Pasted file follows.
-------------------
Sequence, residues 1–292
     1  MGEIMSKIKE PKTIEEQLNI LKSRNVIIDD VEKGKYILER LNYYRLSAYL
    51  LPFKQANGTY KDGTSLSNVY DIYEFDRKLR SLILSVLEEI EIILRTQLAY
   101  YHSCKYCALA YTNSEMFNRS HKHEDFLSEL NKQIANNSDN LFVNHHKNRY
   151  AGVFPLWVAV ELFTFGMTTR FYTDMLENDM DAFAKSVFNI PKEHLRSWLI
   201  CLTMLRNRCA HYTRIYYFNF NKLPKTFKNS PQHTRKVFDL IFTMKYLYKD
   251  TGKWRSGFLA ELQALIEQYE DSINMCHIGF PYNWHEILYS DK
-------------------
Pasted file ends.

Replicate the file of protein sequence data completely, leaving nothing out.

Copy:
Sequence, residues 1–292
     1  MGEIMSKIKE PKTIEEQLNI LKSRNVIIDD VEKGKYILER LNYYRLSAYL
    51  LPFKQANGTY KDGTSLSNVY DIYEFDRKLR SLILSVLEEI EIILRTQLAY
   101  YHSCKYCALA YTNSEMFNRS HKHEDFLSEL NKQIANNSDN LFVNHHKNRY
   151  AGVFPLWVAV ELFTFGMTTR FYTDMLENDM DAFAKSVFNI PKEHLRSWLI
   201  CLTMLRNRCA HYTRIYYFNF NKLPKTFKNS PQHTRKVFDL IFTMKYLYKD
   251  TGKWRSGFLA ELQALIEQYE DSINMCHIGF PYNWHEILYS DK